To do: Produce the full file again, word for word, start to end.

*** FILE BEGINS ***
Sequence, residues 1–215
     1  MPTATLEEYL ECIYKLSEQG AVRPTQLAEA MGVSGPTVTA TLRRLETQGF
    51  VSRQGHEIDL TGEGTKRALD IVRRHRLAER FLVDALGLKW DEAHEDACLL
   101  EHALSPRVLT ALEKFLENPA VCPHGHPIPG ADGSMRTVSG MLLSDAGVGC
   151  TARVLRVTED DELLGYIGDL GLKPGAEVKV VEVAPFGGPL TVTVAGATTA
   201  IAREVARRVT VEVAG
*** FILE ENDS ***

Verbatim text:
Sequence, residues 1–215
     1  MPTATLEEYL ECIYKLSEQG AVRPTQLAEA MGVSGPTVTA TLRRLETQGF
    51  VSRQGHEIDL TGEGTKRALD IVRRHRLAER FLVDALGLKW DEAHEDACLL
   101  EHALSPRVLT ALEKFLENPA VCPHGHPIPG ADGSMRTVSG MLLSDAGVGC
   151  TARVLRVTED DELLGYIGDL GLKPGAEVKV VEVAPFGGPL TVTVAGATTA
   201  IAREVARRVT VEVAG